How to create inner harmony around
any subject in 2 – 3 hours
Have you ever wondered whether it’s ‘normal’ to hear different voices in your head? To experience an ongoing internal dialogue between various facets of your personality? In Ego State Therapy the answer is definitely yes.
Hearing different inner voices isn’t unusual and it isn’t pathological. We all do it most of the time, whether we’re aware of it or not. After all, our personality isn’t a unified field! It’s made up of numerous ‘ego-states’ – parts of the psyche that have different desires, memories, fears, and ways of expressing themselves.
That’s why experiencing some inner conflict is also perfectly natural. Resolving them is how we grow and evolve. But what happens when we don’t reconcile our various points of view?
Here’s another way to ask this question…
Have you noticed that problems arise
in your life when conflicting ego-states
cannot agree on an outcome?
For example, the ego-state that emphatically states one night, “Enough is enough. I’ll start looking for a new job tomorrow”, isn’t the same one that says in the morning, “Yes, my job is terribly stressful and I hate it, but I won’t quit. Anything is better than the unknown, that’s for sure.”
To which a third voice might add something hurtful, such as “You’re such a loser – only an idiot would put up with these dreadful conditions.”
How about a fourth ego-state, the victim? This one is pretty universal and usually also has something to say. “Oh! poor me… Why do I always attract people who take advantage of me?…”
Such a tug of war is painful – as we all know. It leads to doubts, uncertainty, stagnation, paralysis, increasingly frequent self-deprecating comments and/or self-sabotage. When ignored or poorly handled, such conflicts can also lead to physical illness or depression.
Which areas of life can be helped by an Ego State
The short answer is all of them:
- Addictive behaviours, such as smoking, gambling, alcoholism, over-eating, etc.
- Self-worth & assertiveness
- Body-image, etc.
Whatever the area of life, we need to resolve our internal conflicts in order to achieve happiness and fulfillment.
What happens during an ego-state therapy session?
A session usually takes 2-3 hours. It starts with a short conversation around the issue to be addressed and the desired outcome. This is followed by a progressive relaxation that induces a light hypnotic trance. In this relaxed state, the client can easily access the different voices involved in the conflict.
The client is perfectly conscious of everything that is said and remains in charge of the conversation at all times.
The role of the practitioner is to ask respectful questions and make suggestions leading to a harmonious resolution.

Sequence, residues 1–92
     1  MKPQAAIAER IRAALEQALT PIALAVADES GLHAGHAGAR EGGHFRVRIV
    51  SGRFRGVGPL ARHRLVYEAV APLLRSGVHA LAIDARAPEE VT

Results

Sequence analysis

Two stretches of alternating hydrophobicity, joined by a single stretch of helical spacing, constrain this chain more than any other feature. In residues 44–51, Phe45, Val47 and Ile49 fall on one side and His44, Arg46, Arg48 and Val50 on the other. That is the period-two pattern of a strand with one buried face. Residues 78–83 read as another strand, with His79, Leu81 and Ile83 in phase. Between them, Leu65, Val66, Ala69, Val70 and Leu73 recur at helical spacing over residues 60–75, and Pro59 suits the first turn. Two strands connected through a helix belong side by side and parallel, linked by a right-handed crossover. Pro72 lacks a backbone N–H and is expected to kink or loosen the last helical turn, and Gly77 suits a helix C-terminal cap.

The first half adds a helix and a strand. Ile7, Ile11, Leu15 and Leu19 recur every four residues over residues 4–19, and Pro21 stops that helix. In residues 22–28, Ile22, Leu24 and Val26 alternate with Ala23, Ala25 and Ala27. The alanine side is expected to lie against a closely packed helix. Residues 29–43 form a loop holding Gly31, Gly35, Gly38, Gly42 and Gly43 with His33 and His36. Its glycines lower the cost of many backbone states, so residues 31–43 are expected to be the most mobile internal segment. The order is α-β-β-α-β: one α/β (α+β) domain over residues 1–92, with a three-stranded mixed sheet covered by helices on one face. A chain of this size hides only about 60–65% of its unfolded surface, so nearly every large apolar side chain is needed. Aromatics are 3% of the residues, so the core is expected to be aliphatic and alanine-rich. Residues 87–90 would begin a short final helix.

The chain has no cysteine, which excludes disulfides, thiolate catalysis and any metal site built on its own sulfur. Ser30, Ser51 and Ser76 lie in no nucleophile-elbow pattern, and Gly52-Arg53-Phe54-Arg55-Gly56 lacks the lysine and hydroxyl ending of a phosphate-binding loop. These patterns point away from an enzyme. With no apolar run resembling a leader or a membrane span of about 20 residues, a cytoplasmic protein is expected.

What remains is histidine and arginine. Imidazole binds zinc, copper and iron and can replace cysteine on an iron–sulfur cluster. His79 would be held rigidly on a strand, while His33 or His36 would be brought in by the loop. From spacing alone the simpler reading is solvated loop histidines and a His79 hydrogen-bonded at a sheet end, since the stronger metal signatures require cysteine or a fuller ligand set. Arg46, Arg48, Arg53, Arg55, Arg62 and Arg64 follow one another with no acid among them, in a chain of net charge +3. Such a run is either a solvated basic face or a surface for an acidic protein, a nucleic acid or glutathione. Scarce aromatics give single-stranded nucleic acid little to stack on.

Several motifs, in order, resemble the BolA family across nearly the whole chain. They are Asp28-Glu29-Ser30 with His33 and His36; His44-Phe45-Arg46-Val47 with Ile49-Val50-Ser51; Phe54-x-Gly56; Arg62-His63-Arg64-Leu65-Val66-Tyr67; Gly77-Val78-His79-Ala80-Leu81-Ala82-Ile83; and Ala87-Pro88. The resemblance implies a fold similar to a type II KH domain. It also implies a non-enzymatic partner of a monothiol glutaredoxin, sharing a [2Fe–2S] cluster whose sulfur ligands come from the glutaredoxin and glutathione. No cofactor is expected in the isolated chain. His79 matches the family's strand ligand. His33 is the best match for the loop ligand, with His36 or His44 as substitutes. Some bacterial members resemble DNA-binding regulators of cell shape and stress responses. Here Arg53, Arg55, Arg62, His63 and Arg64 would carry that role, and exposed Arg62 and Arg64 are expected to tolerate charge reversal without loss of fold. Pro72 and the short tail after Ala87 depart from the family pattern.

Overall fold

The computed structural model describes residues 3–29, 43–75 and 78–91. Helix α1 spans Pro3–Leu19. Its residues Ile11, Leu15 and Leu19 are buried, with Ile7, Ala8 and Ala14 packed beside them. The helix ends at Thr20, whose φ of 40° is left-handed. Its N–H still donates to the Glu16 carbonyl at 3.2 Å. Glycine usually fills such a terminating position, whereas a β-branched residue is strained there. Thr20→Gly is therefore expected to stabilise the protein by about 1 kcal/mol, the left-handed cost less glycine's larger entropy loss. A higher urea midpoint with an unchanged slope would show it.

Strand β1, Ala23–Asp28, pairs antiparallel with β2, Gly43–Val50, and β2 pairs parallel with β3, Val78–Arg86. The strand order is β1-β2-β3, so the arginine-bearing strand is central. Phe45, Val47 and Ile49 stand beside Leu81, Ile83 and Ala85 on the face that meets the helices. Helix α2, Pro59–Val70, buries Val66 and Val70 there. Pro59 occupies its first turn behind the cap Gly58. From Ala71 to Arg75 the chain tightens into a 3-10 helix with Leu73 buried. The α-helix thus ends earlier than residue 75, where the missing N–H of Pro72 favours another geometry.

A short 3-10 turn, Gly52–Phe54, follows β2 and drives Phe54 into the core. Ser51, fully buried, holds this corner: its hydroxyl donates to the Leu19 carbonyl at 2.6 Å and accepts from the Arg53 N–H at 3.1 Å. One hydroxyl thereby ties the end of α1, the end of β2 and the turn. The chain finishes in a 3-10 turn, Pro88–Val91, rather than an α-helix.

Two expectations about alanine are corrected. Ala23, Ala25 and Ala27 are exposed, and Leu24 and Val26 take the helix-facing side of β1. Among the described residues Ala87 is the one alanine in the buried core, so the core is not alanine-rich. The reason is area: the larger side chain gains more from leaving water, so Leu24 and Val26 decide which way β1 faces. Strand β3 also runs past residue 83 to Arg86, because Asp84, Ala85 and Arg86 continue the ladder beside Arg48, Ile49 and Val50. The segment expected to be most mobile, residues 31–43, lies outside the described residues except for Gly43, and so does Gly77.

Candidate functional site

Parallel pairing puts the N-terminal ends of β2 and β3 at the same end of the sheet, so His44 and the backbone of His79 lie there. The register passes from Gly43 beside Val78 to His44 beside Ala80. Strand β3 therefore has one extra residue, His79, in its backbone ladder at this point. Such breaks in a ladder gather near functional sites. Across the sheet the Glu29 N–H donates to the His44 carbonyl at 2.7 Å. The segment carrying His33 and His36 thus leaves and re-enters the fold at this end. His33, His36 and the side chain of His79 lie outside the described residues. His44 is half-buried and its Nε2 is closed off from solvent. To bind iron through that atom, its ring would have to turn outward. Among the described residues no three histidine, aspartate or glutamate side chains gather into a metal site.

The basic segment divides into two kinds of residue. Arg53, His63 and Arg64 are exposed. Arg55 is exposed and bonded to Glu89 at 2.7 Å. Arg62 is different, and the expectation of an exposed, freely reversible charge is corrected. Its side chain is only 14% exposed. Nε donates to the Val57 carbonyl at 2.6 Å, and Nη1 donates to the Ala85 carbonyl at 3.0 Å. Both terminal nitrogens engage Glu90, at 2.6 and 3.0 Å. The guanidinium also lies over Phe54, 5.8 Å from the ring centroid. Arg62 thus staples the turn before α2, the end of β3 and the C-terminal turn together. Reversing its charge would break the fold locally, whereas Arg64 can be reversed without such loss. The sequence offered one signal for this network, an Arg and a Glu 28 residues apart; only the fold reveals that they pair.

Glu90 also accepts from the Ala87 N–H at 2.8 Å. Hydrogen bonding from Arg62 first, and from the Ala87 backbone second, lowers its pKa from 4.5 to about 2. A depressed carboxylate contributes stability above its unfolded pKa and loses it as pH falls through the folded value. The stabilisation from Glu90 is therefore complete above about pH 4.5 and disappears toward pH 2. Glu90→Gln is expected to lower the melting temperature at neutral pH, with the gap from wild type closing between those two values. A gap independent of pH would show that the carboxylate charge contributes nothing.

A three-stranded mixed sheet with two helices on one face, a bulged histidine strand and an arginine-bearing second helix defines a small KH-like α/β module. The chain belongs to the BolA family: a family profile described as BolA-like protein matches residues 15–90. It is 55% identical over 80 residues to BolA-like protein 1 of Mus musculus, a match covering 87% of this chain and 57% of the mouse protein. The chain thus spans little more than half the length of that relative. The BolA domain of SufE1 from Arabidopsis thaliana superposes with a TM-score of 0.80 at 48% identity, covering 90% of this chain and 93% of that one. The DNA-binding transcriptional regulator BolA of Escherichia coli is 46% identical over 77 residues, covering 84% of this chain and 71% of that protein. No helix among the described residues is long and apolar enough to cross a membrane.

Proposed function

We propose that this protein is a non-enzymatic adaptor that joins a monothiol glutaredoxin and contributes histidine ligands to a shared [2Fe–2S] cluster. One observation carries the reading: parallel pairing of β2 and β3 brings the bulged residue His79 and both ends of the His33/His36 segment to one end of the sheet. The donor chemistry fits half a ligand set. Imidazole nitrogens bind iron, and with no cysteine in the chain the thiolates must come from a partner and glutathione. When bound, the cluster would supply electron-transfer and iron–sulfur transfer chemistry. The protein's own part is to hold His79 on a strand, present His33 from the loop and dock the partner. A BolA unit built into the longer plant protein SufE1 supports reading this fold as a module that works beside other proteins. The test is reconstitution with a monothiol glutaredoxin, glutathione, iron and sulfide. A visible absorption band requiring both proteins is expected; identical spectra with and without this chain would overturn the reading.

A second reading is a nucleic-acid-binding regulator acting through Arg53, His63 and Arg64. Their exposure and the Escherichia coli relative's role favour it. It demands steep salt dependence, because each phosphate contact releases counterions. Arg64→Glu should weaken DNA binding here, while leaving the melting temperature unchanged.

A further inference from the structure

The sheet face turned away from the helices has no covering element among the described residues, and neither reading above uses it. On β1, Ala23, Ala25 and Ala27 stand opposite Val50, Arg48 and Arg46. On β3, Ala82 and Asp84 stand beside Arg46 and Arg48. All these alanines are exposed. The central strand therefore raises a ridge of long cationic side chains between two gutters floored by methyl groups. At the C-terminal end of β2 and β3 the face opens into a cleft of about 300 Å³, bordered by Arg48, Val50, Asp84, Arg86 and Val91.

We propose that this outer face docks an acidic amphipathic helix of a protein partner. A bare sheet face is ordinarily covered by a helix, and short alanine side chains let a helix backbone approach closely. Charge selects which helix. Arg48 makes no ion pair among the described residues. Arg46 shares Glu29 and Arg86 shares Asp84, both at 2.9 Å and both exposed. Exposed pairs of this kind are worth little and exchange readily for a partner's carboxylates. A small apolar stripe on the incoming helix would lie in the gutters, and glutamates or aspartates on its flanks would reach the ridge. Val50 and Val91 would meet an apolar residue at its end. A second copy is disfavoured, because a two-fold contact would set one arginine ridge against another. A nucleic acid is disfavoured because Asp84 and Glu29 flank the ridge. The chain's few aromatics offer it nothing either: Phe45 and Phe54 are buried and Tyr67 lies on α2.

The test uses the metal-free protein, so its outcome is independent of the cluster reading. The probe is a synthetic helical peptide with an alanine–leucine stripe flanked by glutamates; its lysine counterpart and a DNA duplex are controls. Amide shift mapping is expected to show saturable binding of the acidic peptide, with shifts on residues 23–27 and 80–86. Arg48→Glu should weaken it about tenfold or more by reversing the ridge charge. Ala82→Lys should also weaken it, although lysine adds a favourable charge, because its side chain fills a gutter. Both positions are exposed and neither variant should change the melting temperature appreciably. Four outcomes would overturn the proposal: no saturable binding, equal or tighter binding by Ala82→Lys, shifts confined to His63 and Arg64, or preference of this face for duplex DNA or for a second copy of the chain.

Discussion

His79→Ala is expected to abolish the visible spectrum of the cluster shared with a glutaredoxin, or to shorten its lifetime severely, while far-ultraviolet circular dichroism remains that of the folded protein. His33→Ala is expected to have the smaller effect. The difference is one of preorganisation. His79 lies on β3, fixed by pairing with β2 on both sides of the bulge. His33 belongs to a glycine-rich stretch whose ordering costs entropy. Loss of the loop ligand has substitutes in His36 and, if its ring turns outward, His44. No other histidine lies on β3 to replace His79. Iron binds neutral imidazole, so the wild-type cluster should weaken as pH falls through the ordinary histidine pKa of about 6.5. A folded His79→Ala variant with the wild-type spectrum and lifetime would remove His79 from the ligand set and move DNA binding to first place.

In many cases, one session is enough, and positive results are usually immediately noticeable.
What about really destructive, abusive, and/or
Some people hear voices that are terribly distressing. These voices might abuse the hearer, or tell them to commit a crime or to hurt their own body. They might become so paranoid, or so noisy that they overwhelm the ego to a point of dysfunction.
If this is the case for you, please seek help from the closest Voice Hearers group in your area.
The Hearing Voices Movement is a serious organization that helps people in such distress. They work with psychiatrists who understand that voices are meaningful. They run groups that support people living with voices. They also have well-trained peers who have gone through similar experiences and are now living full and enjoyable lives.
Some people benefit from medication, others don’t. Remember that it’s your choice. Whatever your preference, don’t accept a diagnosis of mental illness without getting a second, third, or fourth opinion. And do your own research – see below.
From the ‘Hearing Voices’ perspective,
offensive voices are a cry for help
As such, they’re part of the solution, not part of the problem. These voices want to bring your attention to a part of your psyche that hurts so much it needs urgent attention, love, and healing. In most cases, the hurt goes back to childhood abuse or other traumas.
So yes, there’s hope. Voices can be treated in such a way that their messages eventually shift from hostile to friendly. And ego-state therapy (or Voice Dialogue) is one of the techniques used successfully to create such a shift.
For help with disturbing voices, please go to www.intervoiceonline.org, and from there to local organisations in your area.
You might also like to read my three blog posts about the Voice Hearing Congress 2013.
And please watch the following video: Eleanor Longden 14 minutes
Finally, if you have any questions or comments please feel free to write to us.